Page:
After reuniting with my friend and getting breakfast, we decided to walk around the Boston Common to look at the prayer canvas on display. There were tons of canvases from all over the country sending messages of love and support to the city. I mean it when I say that I was overwhelmed by it. To me, the attacks last year felt personal, as I’m sure it did to many. To see so many people send these messages to a city and people they may not even know was moving. One of my favorite things I saw written on a memorial last year was “love is louder than hate on Boylston”. After seeing those canvases, I don’t think that’s true, I know it for a fact, as sappy as that may sound.


You bet it is.

This is only a portion of the canvases.

This is only a portion of the canvases.

Just one of many lovely sentiments sent from around the country.

Just one of many lovely sentiments sent from around the country.

After lunch, we decided to head down to the marathon. Talk about crowded! We walked around a bit, occasionally stopping at the sidelines to cheer on runners who were walking off the course. Of course, we couldn’t get near the finish line, but we managed to get pretty close. Our bags were checked at certain points, but I believe that’s a small price to pay considering what happened last year.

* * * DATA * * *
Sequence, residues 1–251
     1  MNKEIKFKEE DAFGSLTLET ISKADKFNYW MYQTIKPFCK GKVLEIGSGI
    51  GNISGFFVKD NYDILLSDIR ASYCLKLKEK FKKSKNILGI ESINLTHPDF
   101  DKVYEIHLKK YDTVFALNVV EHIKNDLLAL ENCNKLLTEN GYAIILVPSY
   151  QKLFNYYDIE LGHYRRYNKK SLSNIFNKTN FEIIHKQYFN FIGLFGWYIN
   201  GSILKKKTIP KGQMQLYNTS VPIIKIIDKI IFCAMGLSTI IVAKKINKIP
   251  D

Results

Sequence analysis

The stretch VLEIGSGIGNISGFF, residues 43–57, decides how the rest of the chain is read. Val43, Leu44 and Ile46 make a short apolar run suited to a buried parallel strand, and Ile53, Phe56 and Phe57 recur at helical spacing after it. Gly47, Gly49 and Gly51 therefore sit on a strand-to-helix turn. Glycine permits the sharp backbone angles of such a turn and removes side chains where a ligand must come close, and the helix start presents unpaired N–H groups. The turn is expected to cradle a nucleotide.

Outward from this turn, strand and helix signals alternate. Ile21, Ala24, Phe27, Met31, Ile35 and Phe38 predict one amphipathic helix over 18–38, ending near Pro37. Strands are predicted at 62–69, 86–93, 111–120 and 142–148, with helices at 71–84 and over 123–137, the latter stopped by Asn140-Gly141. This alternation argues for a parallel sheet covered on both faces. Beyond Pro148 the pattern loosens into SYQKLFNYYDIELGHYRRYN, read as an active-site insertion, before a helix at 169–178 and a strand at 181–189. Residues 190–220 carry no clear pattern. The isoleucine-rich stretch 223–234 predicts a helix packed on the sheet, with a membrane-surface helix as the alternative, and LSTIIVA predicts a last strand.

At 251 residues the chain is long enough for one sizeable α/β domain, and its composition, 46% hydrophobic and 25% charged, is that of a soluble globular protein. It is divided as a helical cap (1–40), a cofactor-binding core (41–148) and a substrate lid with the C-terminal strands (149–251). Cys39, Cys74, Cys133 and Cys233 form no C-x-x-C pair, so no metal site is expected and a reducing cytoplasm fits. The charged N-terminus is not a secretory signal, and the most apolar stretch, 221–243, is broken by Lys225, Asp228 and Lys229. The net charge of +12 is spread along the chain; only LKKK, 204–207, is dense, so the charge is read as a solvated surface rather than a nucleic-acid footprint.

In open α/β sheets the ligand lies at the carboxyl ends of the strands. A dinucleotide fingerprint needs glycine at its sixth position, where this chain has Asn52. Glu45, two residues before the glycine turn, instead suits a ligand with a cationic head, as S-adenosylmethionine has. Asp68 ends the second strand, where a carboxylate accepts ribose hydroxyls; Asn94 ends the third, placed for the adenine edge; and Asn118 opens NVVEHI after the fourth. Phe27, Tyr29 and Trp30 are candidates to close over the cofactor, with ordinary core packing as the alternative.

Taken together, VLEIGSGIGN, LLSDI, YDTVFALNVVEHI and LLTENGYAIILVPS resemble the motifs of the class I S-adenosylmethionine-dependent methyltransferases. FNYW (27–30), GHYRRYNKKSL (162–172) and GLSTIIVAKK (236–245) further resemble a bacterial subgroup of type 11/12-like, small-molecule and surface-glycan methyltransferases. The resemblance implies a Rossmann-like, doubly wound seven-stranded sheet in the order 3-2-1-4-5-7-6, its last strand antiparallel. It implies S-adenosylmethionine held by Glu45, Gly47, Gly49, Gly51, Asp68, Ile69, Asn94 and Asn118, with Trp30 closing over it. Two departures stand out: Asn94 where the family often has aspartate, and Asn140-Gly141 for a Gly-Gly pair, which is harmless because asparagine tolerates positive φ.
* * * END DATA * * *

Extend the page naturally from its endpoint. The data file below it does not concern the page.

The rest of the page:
When we decided to head away from the marathon and go out into the rest of the city, we were followed by runners wrapped in foil and proudly toting medals hung from blue and yellow ribbons. Some lay in the Common relaxing, others grabbed something to eat. I was not only surprised by the sheer number of people who can run 26.2 miles (I doubt I can run one), but the support they got. Everywhere we went, people congratulated runners on the street.

But I guess that’s Boston for you. Back and stronger than ever. Boston Strong is more than just a rallying cry for a city once torn. It’s the way we operate in the city. I’m lucky to have gotten to see it in action on this special day and would recommend, if you ever can, going into the city for Marathon Monday if you want to get a real taste of what Boston is.


Travel Bucket List